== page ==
The key to success in Sport, competitions and training consists in a well-organized growth program with appropriate and performing recovery strategies. There are various types of strategies to achieve good muscle recovery considering improvements in pain, fatigue, reduction in muscle damage, and downregulation in inflammation. Among these recovery techniques, WBC seems to have a positive impact on the whole body [14]. WBC has been introduced in medicine to decrease pain, inflammation associated with chronic pathological conditions, but it could be also useful to improve performance and recovery at the muscle level [15]. Among the various effects caused by exposure to WBC, data form literature report improvements in muscle strength, lower fatigue, improvements in sleep quality, and benefits in the injury-repair-regeneration cascade at the muscle level. Despite these effects, the impact given by WBC is to be further studied in view of the possible additional positive and negative effects of WBC [16-20]. In this narrative review we report various trials regarding WBC in Sport and associated with physical activity in aim to better understand its positivity, limitations and effectiveness in healthy subjects performing agonistic and non-agonistic sport activity.


The electronic and systematic search was conducted in accordance with the PRISMA (Preferred Reporting Items for Systematic Reviews and Meta-Analysis) Guidelines through three databases. The databases used were PubMed, SportDiscus, and Scopus. The main search keywords were "Whole Body Cryotherapy" OR "Cryogenic chamber therapy" OR "Cryostimulation" AND "Sport" OR "Exercise" OR "Athlete" OR "Physical Activity." The following data related to the number and characteristics of participants (sample size, subject’s age, and gender) were extracted; year of publication; description of the intervention (application characteristics, duration and temperature of treatment); level of activity; inclusion criteria; trial groups; outcomes; tools used to evaluate results and study results. The search included results from the past ten years. 15 articles met the search criteria after careful data analysis and extraction by PM. S. with the consultation of A.M. and F.M. The reasons for exclusion concerned duplicates articles, irrelevant articles, wrong outcomes, incorrect patient population or incorrect intervention and topics or not related. The search strategy is shown in Figure 1.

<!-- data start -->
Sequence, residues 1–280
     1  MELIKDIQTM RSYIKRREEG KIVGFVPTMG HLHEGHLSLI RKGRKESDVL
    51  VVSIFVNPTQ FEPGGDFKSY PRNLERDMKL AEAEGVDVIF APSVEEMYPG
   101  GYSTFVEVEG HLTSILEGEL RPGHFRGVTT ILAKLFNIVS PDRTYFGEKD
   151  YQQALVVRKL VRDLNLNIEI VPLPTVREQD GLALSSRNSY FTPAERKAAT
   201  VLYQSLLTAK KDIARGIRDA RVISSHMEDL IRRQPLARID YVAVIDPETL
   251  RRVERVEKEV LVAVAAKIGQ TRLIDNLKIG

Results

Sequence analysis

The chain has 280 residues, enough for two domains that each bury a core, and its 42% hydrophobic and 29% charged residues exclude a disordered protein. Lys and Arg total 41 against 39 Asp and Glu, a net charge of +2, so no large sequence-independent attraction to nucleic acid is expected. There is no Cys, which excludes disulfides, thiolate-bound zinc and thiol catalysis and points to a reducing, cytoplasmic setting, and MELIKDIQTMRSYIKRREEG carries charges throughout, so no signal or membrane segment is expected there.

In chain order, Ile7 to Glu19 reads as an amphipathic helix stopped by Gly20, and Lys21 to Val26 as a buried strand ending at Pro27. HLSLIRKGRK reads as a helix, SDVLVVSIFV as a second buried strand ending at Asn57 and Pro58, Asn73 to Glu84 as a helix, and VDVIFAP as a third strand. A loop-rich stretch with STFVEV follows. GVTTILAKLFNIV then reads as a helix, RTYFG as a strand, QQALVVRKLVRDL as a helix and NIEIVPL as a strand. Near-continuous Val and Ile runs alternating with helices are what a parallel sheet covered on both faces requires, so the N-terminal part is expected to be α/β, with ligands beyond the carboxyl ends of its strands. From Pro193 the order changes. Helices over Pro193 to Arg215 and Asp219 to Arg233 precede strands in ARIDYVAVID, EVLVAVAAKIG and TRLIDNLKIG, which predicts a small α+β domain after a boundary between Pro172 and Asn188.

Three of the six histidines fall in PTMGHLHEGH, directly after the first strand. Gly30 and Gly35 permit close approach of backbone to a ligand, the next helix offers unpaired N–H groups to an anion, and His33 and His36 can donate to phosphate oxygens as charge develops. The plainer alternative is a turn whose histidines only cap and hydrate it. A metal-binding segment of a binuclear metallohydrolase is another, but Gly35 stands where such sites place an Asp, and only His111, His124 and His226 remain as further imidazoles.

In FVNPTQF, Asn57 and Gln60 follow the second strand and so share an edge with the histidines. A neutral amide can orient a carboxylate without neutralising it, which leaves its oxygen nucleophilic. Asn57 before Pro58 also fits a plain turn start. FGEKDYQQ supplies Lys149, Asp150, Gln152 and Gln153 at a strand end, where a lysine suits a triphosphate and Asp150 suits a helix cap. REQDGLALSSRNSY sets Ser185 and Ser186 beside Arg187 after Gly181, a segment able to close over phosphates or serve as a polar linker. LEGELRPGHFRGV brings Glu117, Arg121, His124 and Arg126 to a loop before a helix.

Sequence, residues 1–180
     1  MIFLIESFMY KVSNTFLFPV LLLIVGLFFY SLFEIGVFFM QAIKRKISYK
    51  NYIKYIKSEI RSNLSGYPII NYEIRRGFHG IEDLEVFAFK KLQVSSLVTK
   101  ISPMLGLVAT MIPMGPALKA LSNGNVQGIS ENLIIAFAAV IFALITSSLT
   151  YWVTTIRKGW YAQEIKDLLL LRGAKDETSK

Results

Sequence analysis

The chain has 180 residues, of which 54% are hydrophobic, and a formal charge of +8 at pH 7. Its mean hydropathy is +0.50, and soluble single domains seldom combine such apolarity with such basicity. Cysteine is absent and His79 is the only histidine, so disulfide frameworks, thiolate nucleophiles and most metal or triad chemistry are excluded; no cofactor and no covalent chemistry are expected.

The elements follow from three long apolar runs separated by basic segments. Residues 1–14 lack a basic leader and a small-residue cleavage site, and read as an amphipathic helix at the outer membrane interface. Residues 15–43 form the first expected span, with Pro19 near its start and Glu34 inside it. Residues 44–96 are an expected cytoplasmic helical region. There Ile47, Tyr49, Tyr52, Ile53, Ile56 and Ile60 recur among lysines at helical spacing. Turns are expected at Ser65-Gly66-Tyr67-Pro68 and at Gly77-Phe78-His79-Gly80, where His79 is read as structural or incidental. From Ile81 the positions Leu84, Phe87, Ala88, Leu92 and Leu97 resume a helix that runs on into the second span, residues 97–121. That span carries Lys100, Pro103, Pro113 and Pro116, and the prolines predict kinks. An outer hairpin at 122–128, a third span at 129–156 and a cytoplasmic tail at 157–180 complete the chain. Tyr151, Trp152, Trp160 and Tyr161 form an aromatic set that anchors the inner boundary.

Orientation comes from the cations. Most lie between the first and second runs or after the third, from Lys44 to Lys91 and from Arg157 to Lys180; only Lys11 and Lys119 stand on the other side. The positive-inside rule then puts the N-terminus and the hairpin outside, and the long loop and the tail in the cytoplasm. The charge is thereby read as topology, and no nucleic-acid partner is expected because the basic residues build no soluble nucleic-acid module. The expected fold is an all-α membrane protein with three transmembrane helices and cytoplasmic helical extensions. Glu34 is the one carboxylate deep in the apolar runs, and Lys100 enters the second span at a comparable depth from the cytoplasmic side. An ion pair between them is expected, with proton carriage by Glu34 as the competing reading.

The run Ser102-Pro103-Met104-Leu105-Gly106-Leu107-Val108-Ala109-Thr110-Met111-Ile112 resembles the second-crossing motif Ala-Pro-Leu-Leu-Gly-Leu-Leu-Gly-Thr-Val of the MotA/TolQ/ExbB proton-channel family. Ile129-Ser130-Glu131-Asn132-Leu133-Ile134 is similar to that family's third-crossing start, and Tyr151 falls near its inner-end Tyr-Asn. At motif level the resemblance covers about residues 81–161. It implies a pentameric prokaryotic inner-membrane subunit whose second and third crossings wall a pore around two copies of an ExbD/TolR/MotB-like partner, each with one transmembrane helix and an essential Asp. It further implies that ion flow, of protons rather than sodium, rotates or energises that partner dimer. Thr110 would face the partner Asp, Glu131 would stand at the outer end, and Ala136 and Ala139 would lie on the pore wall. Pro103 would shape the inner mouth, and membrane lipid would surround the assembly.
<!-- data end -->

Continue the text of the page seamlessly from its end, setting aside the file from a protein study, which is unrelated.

4. Results